“Let me win. But if I cannot win, let me be brave in the attempt.”
That’s the oath introduced in the inaugural Special Olympics international games in Chicago in 1968.
Keeping that promise and helping others to do the same has become a family affair for three Penticton sisters.
For 27 years Fae Hodgins, now the five-pin bowling head coach for Special Olympics BC Penticton, has worked with special needs athletes including her younger sister Jeri-Lee Hodgins.
Four years ago their other sister, Michelle Riches, decided to get on board upon her return to Penticton. After volunteering for a couple of years, she too decided to get her coaching certification and now works with athletes in bowling, bocce and powerlifting.
And she couldn’t be happier.
“It’s the most amazing experience in the world,” she said during a break in the Tuesday afternoon bowling competition at Roll N Stones Fun Centre, a weekly event for nearly 40 athletes. “You cannot have a bad day. I mean if you’ve had a bad day and you come to be with the athletes they put a smile on your face, you just can’t help it.
“Watching them, the interaction among themselves, the camaraderie, cheering each other on and they get to know you, they get to love you, you get so many hugs, it just feels so good when you leave.”
Her sister Fae agreed: “What I get out of this is a lot of joy and I come in here and they light you up, you walk out of here with a happy face, in spite of what else is happening you feel really good.”
There are a variety of seasonal sporting options for athletes locally in addition to five and 10-pin bowling, including; snowshoeing, cross country skiing, softball, basketball and swimming.
While she helps the athletes with their skills, conducts stretching exercises and deals with organizational matters, much of Riches work is cheering on her charges who range in age from eight to 70.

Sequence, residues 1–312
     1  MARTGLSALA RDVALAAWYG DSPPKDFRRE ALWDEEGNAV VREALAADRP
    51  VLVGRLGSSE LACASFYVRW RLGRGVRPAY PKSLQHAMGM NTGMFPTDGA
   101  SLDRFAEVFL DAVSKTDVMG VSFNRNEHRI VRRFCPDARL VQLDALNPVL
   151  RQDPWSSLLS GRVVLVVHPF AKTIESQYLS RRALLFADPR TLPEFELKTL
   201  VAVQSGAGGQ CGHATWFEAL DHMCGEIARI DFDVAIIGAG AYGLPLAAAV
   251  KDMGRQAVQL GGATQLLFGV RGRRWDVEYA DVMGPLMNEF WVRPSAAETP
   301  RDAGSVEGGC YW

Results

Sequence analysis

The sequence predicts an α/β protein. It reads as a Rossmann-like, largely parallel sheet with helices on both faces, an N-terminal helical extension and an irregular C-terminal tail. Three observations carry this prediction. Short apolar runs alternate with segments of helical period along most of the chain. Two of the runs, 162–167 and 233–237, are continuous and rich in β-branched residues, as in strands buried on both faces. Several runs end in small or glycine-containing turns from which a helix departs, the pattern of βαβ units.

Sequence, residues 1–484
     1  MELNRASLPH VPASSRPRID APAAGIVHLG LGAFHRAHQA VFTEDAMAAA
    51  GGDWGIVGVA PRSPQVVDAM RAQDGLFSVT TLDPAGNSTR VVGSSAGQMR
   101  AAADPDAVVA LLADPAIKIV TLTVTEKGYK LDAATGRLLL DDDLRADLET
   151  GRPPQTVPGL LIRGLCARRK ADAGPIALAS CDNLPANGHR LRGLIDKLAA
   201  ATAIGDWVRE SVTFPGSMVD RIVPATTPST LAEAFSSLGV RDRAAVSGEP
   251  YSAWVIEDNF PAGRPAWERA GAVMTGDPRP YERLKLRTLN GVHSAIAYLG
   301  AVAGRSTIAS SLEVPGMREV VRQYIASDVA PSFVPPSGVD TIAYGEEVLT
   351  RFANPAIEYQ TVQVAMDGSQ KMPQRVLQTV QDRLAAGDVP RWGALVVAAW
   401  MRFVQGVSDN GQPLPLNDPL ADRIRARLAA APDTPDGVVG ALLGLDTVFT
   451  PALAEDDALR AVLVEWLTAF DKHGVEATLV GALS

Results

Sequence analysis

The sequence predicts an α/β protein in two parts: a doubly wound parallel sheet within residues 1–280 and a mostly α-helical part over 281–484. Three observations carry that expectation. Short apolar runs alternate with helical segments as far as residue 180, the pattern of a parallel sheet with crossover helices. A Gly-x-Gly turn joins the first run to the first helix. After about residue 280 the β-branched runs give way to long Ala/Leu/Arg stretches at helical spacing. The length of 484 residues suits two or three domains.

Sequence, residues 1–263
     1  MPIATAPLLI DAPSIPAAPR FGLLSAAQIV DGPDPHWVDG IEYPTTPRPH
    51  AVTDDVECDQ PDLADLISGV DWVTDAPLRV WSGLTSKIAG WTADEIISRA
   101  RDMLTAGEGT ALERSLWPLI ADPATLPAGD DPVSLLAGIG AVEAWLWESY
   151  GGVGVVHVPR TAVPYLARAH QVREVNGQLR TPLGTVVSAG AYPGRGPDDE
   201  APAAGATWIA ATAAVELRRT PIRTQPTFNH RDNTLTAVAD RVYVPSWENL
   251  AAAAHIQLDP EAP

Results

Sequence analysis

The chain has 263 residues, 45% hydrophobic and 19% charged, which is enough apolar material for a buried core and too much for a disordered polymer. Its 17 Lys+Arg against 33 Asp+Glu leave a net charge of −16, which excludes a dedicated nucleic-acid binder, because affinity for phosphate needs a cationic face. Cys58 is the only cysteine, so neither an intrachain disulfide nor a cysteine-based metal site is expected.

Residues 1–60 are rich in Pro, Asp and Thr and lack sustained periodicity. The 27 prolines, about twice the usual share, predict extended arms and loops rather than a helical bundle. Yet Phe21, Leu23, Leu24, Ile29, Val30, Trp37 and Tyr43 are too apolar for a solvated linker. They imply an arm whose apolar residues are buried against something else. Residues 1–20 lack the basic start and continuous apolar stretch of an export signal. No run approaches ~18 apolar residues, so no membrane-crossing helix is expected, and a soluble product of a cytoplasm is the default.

“My hands are sore from clapping and I have no voice at the end of the day,” said Riches, adding about watching her sister compete: “It warms my heart to see Jeri-Lee’s face light up with excitement when she does well and while cheering on her teammates.
“But we also let the athletes know that it’s okay if you don’t win every time, just have a good time and we just have a ball.”
When asked about her most memorable moment in the time she has worked with Special Olympics, Riches was hard pressed to come up with just one.
“I can honestly say that every day I am involved with the athletes has been memorable,” she said.
The one thing that did stand out in her mind was the trip to the Special Olympics 2017 Summer Games in Kamloops in July with a Kelowna bowling team.
“That was a great experience, it was with a whole different group of athletes seeing them enjoy the experience was amazing. My sisters were also there with the SOBC Penticton team and it was wonderful to experience it with them. The opening and closing ceremonies where I saw all of the athletes in one place gave me chills and my heart was bursting with waves of love and enthusiasm.”
SOBC Penticton is currently looking to expand its program schedule and needs more volunteers to enjoy what Riches describes as a “life-changing experience.”
For more information about opportunities with SOBC Penticton go to: specialolympics.bc.ca/local/sobc-penticton.